GILBERT'S CHOCOLATES one-
half to five lb. boxes, just received
fresh. Cushing's Pharmacy.-Adv.
Use the advertising columns of The
Michigan Daily to reach the best of
knn Arbor's buyers.-Adv.

HOCKEY NOTICE
All fraternities desiring to en-
ter teams in the sfraternity
hockey league must notify the
intramural office, phone 2268,
before Saturday.
Tiame- Table

MICHIGAN CENTRAL
(Effective, Dec. 14)

No.
troit.
No.

East Bound
6-Leaves 5:37 A. M., for De-
36-Leaves 7:00 A. M., for Buf-

Palo and New York.
No. 46-Leaves 9:43 A. M., for De-
troit.
No. 12-Leaves 11:28 A. M., for De-
troit.
No. 108-Leaves 2:39 P..M., for De-
troit, Buffalo, New York, Boston, and
carries the New York sleepers from
Ann Arbor.
No. 8-Leaves at 2:45 P. M., for Bos-
ton, Buffalo, and New York, carries
the Philadelphia car.
No. 2-Leaves at 3:55 P. M., De-
troit local.
No. 10-Leaves at 5:00 P. M., Buffa-
lo, Rochester, Albany, Utica, Syra-
cuse, New York and Boston.
No. 4-Leaves at 6:05 P. M., for De-
troit. Makes connection with trains
for upper peninsula points: Mackin-
aw, Escanaba, ,Calumet, Marquette,
and Sault Ste. Marie. Also connects
with Pittsburg, Cleveland, and
Youngstown trains.
No. 110-Leaves at 8:35 P. M., for
Detroit and Buffalo. Makes connec-
tions at Buffalo for Washington, Har-
risburg, Rochester, Syracuse, Albany
and New York.
No. 14-Leaves at 9:38 P. M., for
same points as No. 110.
No. 20-Leaves at 11:19 P. M., for
Detroit, Toronto, and Montreal.
West Bound'
No. 41-Leaves at 5:34'A. M., for
Chicago.
No. 9-Leaves at- 8:40 A. M., for
Chicago.

No. 5-Leaves at 9:25 A. M., local
for Chicago and all intermediate
points.
No. 107-Leaves at 1:10 P. M., for
Grand Rapids. Makes connections
for Muskegon and points north.
No. 15-Leaves at 1:23 P. M., for
Chioago. On Dec. 21 there will be a
special section of this train for stu-
dents leaving promptly at 1:15.
No. 23--Leaves at 2:44 P. M., for
Chicago.
No. 11-Leaves at 5:13 P. M., local
to Kalamazoo.-
No. 109-Leaves at 6:00 P. M., for
Grand Rapids, connects with trains
for points north.
No. 45-Leaves at 10:42 P. M. ,for
Chicago. This train will carry the
Ann Arbor to Chicago sleepers.
No. 19-Leaves at 1:20 A. M., for
Chicago. Connects at Jackson with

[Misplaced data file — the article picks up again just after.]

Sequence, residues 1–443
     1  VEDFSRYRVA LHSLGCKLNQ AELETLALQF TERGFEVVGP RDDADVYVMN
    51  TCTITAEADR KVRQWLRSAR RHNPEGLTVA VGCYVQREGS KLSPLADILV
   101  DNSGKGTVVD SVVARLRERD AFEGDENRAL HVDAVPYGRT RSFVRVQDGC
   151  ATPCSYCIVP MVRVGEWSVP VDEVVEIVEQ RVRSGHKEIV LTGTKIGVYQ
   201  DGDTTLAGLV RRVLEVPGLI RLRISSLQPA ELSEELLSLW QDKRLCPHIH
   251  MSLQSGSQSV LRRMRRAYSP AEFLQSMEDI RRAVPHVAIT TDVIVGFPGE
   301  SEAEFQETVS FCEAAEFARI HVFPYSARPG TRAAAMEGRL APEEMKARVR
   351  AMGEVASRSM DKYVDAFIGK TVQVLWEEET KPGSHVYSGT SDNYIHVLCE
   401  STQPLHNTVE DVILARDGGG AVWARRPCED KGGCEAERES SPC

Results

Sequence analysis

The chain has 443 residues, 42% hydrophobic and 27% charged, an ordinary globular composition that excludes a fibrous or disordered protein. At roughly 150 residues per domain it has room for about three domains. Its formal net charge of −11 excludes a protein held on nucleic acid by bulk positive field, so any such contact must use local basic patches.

Grand Rapids train. Carries Grand
Rapids and Chicago slepers.
PLAIN-
CHOP SUEY
35c
WITH POT OF TEA AND
BOWL OF RICE
From 40c up we have Bean
Sprout put in.
SHORT ORDERS
QUANG TUNG LO
613 East Liberty
Webster's
Unabridged Dictionaries
-FOR-
COLLEGE, OFFICE
and HOME USE
IUY THE BEST
-AT-
tBiddlc's Book Stores
No.11 Nickels Arcade
Phone 703 -W

ANN ARBOR
South Bound

7:00 A. M.
11:30 A. M.
1:55 P. M.
4:50 P.M.
All trains make

Leave

Arrive Toledo
(Terminal.)
9:00 A. M.
1:05 P. M.
4:00 P. M.
6:30 P. M.
connections at To-

ledo for the south and east. Roads
operating south bound are the B. &
O., Hocking Valley, and Big Four.
The N. Y. Central takes the eastern
traffic, and operates on eastern ptand-
ard time.
North Bound: Terminal, Franktfort
Leave Ann Arbor
8:30 A.M. 41:56A.M.* 4:32P.-M.t
*Change at Owosso for Saginaw,
Bay City and the north. Change at
Howell for Grand Rapids.
tChange at Durand for Saginaw,
Flint, Port Huron, Grand Rapids, and
Chicago.

I, i

/ELFARE- F-
ARE YOU INTERESTED In the
WELFARE OF YOUNG MEN?
Play is as necessary as work.
Any game which is interesting
enough to afford real Re-crea-
tion is a beneficial game, pro-
vided it is played amid clean,
decent surroundings.
Most young men prefer games
like billiards for their leisure
hours. If you are interested in
the welfare of young men, you
are invited to visit our billiard
parlors as often as you wish.
You will find that this is- a